The Calgary Flames were entertaining — and that might be the wrong word for it — a special guest Wednesday at the Saddledome.
Gabriel Luna must have recognized this scene. The actor stars in The Last of Us, a new TV series that is set in a post-apocalyptic world and was actually filmed around these parts.
On the ice, the Flames were doing their best zombie impression.
They snapped out of it at around the same time that Luna was being introduced to the crowd in the late stages of the opening period, but by then it was already too late.
The defending Stanley Cup champion Colorado Avalanche, buoyed by an early three-goal lead, were on their way to a 4-1 cruise.
“Just not ready to play against a really good hockey team, that’s what it comes down to,” groaned Flames winger Tyler Toffoli, the lone marksman for the home side. “Obviously, we didn’t come out ready to go and they did. They were faster in all areas of the ice. Skating, passing, everything … We were trying to find our way back into the game, but they’re the defending champions for a reason.”
“It was a measuring-stick game, and we didn’t have it,” echoed fellow forward Blake Coleman. “Honestly, they kicked our ass a little bit in the first. There’s no excuse for it. You put yourself in a hole like that against a team that’s been there and done that, it’s going to be hard to climb out.”
Darryl Sutter didn’t see the start as the only issue.
“It wasn’t the first period. It was all throughout the game, I’d say,” countered Calgary’s coach. “I think we were as ready as we could be. They’re the champions. They had 13 guys in the lineup tonight that won the Stanley Cup last year. We had one (Nazem Kadri). Big difference. We’re still very much in the show-me stage.
“I think I have a pretty good idea of where our team is at. We’re in the middle of the pack, and we’re not in their class.”
Hard to argue that after Wednesday’s first frame, although you could possibly blame that ugly opener on the lingering fatigue from a five-game road-trip.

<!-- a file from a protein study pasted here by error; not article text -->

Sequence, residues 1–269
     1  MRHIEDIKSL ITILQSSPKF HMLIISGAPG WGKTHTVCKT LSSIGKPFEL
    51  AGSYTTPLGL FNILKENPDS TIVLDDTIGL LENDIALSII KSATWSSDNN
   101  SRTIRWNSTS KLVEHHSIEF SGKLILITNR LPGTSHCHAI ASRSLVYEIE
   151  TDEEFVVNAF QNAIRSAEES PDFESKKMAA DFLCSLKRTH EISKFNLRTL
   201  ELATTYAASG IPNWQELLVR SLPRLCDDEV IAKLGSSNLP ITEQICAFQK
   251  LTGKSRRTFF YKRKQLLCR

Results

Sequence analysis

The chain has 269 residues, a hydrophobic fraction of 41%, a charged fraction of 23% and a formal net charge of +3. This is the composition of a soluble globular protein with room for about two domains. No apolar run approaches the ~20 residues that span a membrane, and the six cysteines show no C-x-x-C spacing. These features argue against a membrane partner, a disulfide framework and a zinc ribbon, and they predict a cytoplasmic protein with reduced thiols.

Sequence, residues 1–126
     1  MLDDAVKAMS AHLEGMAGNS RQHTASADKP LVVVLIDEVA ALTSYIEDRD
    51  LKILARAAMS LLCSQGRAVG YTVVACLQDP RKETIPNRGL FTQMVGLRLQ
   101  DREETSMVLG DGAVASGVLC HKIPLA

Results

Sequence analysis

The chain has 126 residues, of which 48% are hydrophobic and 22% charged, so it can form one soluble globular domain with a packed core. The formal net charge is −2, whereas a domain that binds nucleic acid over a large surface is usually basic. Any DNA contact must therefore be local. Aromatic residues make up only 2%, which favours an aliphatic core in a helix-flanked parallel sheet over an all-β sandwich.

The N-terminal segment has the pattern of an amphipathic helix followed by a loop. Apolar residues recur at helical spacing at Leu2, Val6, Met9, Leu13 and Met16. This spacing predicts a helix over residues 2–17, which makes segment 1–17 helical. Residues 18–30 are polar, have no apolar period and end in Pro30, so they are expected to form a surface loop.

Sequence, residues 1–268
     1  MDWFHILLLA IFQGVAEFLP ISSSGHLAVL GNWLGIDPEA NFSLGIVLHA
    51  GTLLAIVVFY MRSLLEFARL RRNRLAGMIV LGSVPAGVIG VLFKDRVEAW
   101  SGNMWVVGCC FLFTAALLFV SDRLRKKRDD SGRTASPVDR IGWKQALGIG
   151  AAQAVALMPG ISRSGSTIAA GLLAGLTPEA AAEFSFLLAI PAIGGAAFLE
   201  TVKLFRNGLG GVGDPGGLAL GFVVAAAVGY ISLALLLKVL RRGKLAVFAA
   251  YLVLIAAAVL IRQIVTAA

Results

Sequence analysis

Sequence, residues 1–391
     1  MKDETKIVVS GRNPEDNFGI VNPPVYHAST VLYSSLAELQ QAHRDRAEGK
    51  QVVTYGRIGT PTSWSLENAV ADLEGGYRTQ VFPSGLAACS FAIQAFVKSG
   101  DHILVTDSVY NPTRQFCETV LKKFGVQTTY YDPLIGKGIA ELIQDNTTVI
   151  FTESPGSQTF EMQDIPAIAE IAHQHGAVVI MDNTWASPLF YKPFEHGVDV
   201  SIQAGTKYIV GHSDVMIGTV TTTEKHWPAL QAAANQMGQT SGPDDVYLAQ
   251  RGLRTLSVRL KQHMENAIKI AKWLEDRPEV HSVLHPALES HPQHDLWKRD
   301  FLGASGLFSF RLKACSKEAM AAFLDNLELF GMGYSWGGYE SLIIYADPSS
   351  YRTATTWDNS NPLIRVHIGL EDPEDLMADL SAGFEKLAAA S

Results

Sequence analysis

Just six minutes into the contest, Mikko Rantanen ripped a wicked one-timer from the top of the circle, capitalizing on a sequence that included a juicy rebound and then a failed breakout.
“The first goal, we win the faceoff and we pass the puck to them twice,” Sutter said. “We should have got both assists.”
The locals were still in sleepwalk mode when Artturi Lehkonen tallied twice in a span of 117 seconds. He converted a cross-crease pass from Nathan MacKinnon on an odd-man rush and then, with Michael Stone banished for interference, buried a rebound of the end-boards on the power-play.
It’s certainly worrisome that the Flames didn’t seem to be ready for a date with the defending champs, especially since they were fuming about a poor start in Monday’s loss in Nashville. If you switched away midway through the game to catch an episode of The Last of Us instead, we get it.
You’d seen this one before.
“I think we’ve said it throughout times in the season — we have to find a way to put 60 minutes together and come together as a group,” said Toffoli, who spoiled Alexandar Georgiev’s shutout bid on a third-period man-advantage, wiring a wrister just inside the post on the glove-side. “It almost feels like every time we kind of get on a roll, we do something like this and try to find our game back.”